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Extended Audio Sample Emotional Intelligence: Why It Can Matter More Than IQ Audiobook, by Daniel Goleman Click for printable size audiobook cover
3.00011030222811 out of 53.00011030222811 out of 53.00011030222811 out of 53.00011030222811 out of 53.00011030222811 out of 5 3.00 (18,132 ratings) (rate this audio book) Author: Daniel Goleman Narrator: Daniel Goleman Publisher: Macmillan Audio Format: Abridged Audiobook Delivery: Instant Download Audio Length: Release Date: March 2003 ISBN: 9781593972080
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Is IQ destiny? Not nearly as much as we think. This fascinating and persuasive program argues that our view of human intelligence is far too narrow, ignoring a crucial range of abilities that matter immensely in terms of how we do in life.

Drawing on groundbreaking brain and behavioral research, Daniel Goleman shows the factors at work when people of high IQ flounder and those of modest IQ do well. These factors add up to a different way of being smart -- one he terms "emotional intelligence." This includes self-awareness and impulse control, persistence, zeal and self-motivation, empathy and social deftness.

These are the qualities that mark people who excel in life, whose relationships flourish, who are stars in the workplace. Lack of emotional intelligence can sabotage the intellect and ruin careers. Perhaps the greatest toll is on children, for whom risks include depression, eating disorders, unwanted pregnancies, aggressiveness and crime.

But the news is hopeful. Emotional intelligence is not fixed at birth, and the author shows how its vital qualities can be nurtured and strengthened in all of us. And because the emotional lessons a child learns actually sculpt the brain's circuitry, he provides guidance as to how parents and schools can best use this window of opportunity in childhood. The message of this eye-opening program is one we must take to heart: the true "bell curve" for a democracy must measure emotional intelligence.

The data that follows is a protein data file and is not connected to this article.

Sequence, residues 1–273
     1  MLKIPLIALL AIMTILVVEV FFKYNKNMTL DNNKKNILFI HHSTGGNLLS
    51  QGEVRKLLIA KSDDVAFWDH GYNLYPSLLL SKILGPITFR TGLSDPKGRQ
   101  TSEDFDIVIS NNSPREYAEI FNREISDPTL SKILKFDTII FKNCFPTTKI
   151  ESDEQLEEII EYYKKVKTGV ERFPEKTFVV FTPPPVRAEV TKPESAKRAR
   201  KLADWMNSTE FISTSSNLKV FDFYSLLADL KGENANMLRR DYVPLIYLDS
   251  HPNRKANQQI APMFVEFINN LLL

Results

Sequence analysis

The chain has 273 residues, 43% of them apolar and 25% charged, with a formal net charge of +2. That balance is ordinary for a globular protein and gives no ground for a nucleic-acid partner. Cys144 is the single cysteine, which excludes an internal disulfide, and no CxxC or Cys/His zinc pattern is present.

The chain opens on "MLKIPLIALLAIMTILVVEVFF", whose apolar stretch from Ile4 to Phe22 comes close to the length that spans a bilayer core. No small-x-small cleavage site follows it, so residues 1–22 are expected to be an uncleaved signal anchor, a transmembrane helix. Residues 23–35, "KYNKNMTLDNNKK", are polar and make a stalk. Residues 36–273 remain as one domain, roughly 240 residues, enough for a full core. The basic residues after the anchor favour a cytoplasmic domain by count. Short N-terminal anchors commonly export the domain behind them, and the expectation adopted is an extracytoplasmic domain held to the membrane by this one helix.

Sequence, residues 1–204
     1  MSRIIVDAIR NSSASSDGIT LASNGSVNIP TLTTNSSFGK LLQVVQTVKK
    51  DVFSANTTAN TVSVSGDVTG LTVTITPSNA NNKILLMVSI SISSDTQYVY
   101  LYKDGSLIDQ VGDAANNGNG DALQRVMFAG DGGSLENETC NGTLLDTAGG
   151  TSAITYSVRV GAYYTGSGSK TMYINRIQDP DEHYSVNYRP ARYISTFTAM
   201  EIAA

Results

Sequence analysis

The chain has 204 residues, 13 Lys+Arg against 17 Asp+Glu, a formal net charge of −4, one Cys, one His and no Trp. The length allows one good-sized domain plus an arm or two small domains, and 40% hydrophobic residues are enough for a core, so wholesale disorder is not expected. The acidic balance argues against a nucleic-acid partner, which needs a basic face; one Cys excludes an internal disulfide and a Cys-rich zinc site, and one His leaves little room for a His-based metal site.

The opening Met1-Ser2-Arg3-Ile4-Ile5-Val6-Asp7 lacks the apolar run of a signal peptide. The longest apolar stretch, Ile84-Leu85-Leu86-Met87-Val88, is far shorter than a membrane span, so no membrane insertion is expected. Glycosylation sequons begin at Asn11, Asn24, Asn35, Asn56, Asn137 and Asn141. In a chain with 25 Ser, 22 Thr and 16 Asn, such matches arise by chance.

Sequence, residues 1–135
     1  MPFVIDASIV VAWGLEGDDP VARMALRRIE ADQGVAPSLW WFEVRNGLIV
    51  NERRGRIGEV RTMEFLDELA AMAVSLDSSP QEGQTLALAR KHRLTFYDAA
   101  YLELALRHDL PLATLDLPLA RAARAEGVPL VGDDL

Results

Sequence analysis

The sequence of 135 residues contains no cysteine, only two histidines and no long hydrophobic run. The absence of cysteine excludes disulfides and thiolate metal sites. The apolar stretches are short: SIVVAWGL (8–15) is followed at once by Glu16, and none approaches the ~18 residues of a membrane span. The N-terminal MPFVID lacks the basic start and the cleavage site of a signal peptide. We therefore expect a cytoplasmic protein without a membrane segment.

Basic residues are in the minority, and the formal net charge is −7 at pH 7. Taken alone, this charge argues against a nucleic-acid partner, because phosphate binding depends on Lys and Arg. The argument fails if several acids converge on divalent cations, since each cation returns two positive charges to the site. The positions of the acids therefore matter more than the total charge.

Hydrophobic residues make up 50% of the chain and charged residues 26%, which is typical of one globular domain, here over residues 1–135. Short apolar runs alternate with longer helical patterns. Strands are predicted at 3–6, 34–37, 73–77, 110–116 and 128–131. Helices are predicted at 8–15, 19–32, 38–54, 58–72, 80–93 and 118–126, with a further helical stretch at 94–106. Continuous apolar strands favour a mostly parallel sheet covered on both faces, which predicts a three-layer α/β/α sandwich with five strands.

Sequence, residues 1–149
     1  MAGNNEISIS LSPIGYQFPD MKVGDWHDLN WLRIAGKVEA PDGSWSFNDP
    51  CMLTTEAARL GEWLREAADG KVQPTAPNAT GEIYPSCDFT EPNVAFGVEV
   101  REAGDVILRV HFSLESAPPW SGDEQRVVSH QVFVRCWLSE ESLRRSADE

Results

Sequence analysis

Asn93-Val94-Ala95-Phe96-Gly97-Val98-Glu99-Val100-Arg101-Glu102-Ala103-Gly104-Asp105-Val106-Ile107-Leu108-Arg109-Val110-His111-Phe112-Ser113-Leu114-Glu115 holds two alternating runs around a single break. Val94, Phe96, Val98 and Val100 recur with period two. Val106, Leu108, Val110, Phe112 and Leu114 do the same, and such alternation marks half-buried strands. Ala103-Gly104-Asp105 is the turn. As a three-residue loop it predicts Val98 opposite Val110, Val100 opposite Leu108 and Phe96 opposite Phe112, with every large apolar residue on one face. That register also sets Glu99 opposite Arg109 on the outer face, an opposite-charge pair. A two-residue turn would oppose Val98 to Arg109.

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Quotes & Awards

  • Impressive in its scope and depth, staggering in its implications, Emotional Intelligence gives us an entirely new way of looking at the root causes of many of the ills of our families and our society. Jon Kabat-Zinn, Ph.D., author of Wherever You Go, There You Are

Listener Opinions

  • 4 out of 54 out of 54 out of 54 out of 54 out of 5 Octharina Nur | 2/18/2014

    " Ternyata emotional intellegence (EQ) itu penting, kemampuan untuk memahami orang lain, kemampuan untuk membaca dunia. Orang yang cerdas (IQ tinggi) belum tentu memiliki EQ yang tinggi. Dicantumkan pula contoh-contoh EQ yang dimiliki oleh beberapa orang. Cukup inspiratif untuk memperbaiki sikap. "

  • 3 out of 53 out of 53 out of 53 out of 53 out of 5 Mike | 2/10/2014

    " This was an OK book. I disagree with the author when he says that repressing or controlling emotions is a bad thing. It isn't at all. It fits into the box with all the current books dealing with microexpressions and deception. It is worth reading to get a grasp on how the developed world in the late 20th century handled emotions. "

  • 5 out of 55 out of 55 out of 55 out of 55 out of 5 Robin | 2/9/2014

    " Though a tad repetitive and probably a bit dated with its science I was blown away by this book. I usually avoid all self-help books but gave this one ago after being recommended by my therapist. The authors ability to explain the emotional brain and systems involved in them really helped me come to accept the need to integrate emotions w/ rationality. That the control and development of emotions is not a sign of weakness but actually helps you become a fuller human being and to experience a better life. Something a therapist has been trying to get across to me for weeks now. "

  • 3 out of 53 out of 53 out of 53 out of 53 out of 5 arjuna | 2/7/2014